J. Infrared (IR) receiver

The standard RJ45 Ethernet port for LAN connection supports 10/100/1000Mbps speed.

This is a remote control receiver module that can accept standard 37.9Khz carrier frequency based wireless data.

I. Status LEDs

K. Micro-USB connector

The ODROID-C1 has four indicator LEDs that provide visual feedback: The ODROID-C1 status LEDs

You can use the standard micro-USB connector with Linux Gadget drivers on your host PC, which means that the resources in the ODROID-C1 can be

G. HDMI connector To minimize the size of the board, we ODROID MAGAZINE 13


A block diagram showing the architecture of the ODROID-C1 shared with typical PCs. You can also add a micro-USB to HOST connector if you need an additional USB host port. Note that this port cannot be used for power input.

L. General Purpose Input and Output (GPIO) ports These 40-pin GPIO port can be used as GPIO/I2C/SPI/UART/ADC for electronics and robotics.

M. Serial terminal port Connecting to a PC gives access to the Linux console. You can see the log of


the boot, or to log in to the C1 to change the video or network settings. Note that this serial UART uses a 3.3 volt interface. We recommend the USB-UART module kit from Hardkernel.

you’re a C/C++ or Python developer, there’s a useful library called WiringPi that handles interfacing with the pins. We’ve already ported the WiringPi v2 library to the ODROID-C1.

N. RTC (Real Time Clock) backup battery connector

Please note that pins #37, 38 and 40 are not compatible with the Raspberry Pi B+ 40-pin header. Those pins are dedicated to analog input functions.

If you want to add a RTC functions for logging or keeping time when offline, just connect a backup battery. All of the RTC circuits are included on the ODROID-C1 by default. The 40 GPIO pins on an ODROIDC1 are a great way to interface with physical devices like buttons and LEDs using a lightweight Linux controller. If

To see the ODROID-C1 in action, visit YouTube at http://bit.ly/1wFDwrg and http://bit.ly/1Grw2Hq.

ODROID-C1 prototyping example



The ODROID-C1 is a new Raspberry Pi B+ clone that eclipses the original in terms of performance


oth the ODROID-C1 and the Raspberry Pi B+ are Linux-friendly, cost-effective ARM single-board computers suitable for various applications and purposes. Although the ODROID-C1 is an inexpensive ARM singleboard computer, it offers a quad-core ARMv7 CPU, and includes an Amlogic S805 quad-core ARM Cortex-A5 1.5GHz SoC, Mali-450 MP2 GPU, four USB 2.0 host ports, one 10/100/1000MBit Ethernet port, a 1080p video output via micro-HDMI, 1GB of DDR3 system memory, eMMC and micro-SD sockets for solid state storage, and support for Debian Wheezy, Ubuntu Linux and Android operating systems.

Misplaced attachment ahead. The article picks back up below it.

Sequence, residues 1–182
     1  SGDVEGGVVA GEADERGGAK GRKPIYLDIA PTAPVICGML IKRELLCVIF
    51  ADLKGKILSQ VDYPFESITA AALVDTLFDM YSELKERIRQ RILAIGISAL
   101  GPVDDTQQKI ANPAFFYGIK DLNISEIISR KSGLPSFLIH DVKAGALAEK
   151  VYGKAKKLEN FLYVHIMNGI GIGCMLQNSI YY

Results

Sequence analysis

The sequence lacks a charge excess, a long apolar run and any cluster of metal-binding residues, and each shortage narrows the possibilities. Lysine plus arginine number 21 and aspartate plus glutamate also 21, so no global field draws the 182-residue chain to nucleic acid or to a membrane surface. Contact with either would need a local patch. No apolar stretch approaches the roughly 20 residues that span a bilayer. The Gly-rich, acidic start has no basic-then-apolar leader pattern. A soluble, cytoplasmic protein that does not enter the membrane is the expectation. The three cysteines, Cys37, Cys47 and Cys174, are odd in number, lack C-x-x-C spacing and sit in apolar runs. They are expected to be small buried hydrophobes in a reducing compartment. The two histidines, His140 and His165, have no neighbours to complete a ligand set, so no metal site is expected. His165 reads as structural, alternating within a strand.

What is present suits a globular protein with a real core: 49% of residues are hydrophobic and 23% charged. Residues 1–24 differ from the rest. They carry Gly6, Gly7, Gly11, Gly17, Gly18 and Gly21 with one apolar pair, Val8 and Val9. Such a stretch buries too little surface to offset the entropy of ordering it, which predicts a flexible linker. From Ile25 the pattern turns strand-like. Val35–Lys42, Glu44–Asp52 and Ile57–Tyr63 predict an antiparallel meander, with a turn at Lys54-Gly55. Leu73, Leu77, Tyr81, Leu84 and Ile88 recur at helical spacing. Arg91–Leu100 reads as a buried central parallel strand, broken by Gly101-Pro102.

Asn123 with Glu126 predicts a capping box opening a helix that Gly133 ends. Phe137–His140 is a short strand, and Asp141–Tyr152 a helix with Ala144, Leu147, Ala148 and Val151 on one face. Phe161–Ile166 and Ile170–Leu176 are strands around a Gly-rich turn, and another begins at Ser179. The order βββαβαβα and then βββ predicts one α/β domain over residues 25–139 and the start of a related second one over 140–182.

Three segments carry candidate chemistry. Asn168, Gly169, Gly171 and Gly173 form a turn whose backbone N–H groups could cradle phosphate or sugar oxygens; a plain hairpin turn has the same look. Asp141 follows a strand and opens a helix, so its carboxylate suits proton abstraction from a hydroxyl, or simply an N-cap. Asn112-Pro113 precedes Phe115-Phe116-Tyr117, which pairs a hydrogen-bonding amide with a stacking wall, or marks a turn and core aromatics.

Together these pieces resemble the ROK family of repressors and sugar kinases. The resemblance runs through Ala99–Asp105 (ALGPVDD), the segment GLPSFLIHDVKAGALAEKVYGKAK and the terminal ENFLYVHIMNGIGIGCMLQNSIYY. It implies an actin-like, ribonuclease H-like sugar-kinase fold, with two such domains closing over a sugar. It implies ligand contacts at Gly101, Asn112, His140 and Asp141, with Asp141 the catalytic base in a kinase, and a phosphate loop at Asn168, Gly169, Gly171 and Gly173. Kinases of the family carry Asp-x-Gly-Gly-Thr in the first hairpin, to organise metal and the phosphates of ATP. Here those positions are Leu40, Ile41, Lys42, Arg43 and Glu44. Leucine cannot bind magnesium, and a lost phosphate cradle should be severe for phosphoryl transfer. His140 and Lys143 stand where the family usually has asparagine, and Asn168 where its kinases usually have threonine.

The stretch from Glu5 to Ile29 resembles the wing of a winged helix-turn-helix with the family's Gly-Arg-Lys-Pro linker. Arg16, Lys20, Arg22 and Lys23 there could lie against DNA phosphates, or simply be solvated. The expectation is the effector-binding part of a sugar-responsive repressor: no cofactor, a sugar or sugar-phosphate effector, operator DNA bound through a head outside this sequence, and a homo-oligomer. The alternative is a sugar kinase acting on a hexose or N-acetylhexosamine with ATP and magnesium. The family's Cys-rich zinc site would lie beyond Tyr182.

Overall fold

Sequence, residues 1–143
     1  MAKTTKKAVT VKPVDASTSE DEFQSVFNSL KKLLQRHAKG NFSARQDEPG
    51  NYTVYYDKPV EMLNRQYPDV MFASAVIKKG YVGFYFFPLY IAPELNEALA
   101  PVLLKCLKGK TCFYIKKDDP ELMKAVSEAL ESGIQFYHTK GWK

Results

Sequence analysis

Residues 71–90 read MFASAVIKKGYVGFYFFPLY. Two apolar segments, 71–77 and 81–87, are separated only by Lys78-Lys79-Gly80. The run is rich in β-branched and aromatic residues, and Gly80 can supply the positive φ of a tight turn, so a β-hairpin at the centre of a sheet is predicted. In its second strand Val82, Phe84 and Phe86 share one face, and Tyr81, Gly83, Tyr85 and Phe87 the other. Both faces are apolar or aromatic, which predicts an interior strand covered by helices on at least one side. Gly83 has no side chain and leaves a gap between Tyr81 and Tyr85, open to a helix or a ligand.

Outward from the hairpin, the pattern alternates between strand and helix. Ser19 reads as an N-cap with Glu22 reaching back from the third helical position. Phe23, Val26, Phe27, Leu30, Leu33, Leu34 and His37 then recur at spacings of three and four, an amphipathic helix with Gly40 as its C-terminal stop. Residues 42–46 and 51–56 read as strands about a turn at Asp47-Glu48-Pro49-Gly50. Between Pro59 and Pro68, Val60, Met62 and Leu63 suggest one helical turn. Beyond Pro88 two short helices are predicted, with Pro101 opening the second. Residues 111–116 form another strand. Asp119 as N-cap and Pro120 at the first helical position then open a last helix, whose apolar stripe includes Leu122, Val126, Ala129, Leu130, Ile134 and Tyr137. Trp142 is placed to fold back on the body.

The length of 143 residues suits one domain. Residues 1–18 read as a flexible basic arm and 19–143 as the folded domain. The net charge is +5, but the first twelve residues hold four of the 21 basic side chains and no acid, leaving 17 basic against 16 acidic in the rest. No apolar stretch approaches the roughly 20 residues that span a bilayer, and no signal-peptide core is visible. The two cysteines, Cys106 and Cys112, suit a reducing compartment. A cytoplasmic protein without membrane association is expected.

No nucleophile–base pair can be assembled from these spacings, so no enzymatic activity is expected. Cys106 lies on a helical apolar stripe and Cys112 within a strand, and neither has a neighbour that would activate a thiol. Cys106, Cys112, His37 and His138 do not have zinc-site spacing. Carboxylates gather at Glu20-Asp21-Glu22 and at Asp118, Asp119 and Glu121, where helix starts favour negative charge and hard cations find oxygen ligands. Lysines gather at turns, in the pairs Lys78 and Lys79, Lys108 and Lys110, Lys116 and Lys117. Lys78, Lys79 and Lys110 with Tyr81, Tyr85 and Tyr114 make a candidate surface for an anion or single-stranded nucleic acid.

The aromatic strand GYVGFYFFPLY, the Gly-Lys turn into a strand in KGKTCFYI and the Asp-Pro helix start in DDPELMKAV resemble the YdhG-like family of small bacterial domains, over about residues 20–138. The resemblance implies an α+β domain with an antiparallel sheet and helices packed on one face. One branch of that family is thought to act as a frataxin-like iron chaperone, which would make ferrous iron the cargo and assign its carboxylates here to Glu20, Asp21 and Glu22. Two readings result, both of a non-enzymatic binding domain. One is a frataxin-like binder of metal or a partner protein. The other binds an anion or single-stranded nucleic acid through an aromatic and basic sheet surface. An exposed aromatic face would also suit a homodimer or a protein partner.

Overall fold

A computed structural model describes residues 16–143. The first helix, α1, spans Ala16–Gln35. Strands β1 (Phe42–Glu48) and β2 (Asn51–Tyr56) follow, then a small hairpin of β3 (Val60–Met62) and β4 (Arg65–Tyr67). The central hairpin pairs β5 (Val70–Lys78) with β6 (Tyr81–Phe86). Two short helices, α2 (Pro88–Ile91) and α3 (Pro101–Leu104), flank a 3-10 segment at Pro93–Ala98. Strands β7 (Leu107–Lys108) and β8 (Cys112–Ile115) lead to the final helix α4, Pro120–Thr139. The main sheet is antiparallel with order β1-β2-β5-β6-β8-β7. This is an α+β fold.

The C1 goes one step further and adds an option to use eMMC storage. eMMC, which is sold separately as an accessory, is a high speed MLC flash memory like those used on modern phones and tablets, and can be removed or replaced easily. The access speed of an eMMC module is typically 2-3 times faster than SD cards. As a bonus, the built-in Real-Time Clock (RTC), Infrared (IR) receiver and Analog-To-Digital Converter (ADC) features on the ODROID-C1 offer many options for building great DIY projects.

Feature comparison of computing performance

Hardware comparison Compared to the Raspberry Pi (RPi), the C1 has 4 times the number of CPU cores, and the operating clock frequency is about 2 times faster. In addition, the RAM size is also 2 times larger and the RAM access frequency is twice as fast. The C1 also includes a Gigabit Ethernet port that allows higher throughput speeds of around 500Mbps in the real world. The C1 has 4 USB-host ports, as well as a USB-OTG port for fast connectivity with Linux gadgets. The C1, unlike the RPi, supports a UHS-1 compatible SD Host controller which allows 2 times faster I/O performance. ODROID MAGAZINE 15


Storage I/O comparison

We ran a simple, popular benchmark called Unix-Bench (version 5.1.3) to compare the performance of the two boards. Tests were done using several manufacturer-provided images based on a clean install, and the “apt-get update && apt-get upgrade” commands were first run to ensure that both boards was up-to-date. The RPi was clocked at 800Mhz using a Sandisk UHS-1 8GB SDCard running the Debian Wheezy OS. The C1 was clocked at 1.5Ghz using an 16GB eMMC with Ubuntu 14.04 OS. Both units were powered by a 5V/2A power supply and connected to the 1920x1080 HDMI output. Note that in order to utilize all four cores in the C1, the “./run –c 4” command was used.

To obtain the results in the storage I/O comparison graph, type the following lines at a command prompt. The first command tests the write speed, and the second command tests the read speed: $ dd if=/dev/zero of=test.tmp oflag=direct bs=500K count=1024 $ dd if=test.tmp of=/dev/null iflag=direct bs=500K count=1024

If you use the eMMC storage, you can get about two to three times faster storage I/O read performance. However, an affordable microSD UHS-1 card can still achieve reasonably fast speeds thanks to the advanced SD 3.01 host controller in the S805 processor. The MicroSD card read performance on C1 is still about 1.7 times faster then RPi if you use the UHS-1 memory card.

Benchmark results of C1 vs Rpi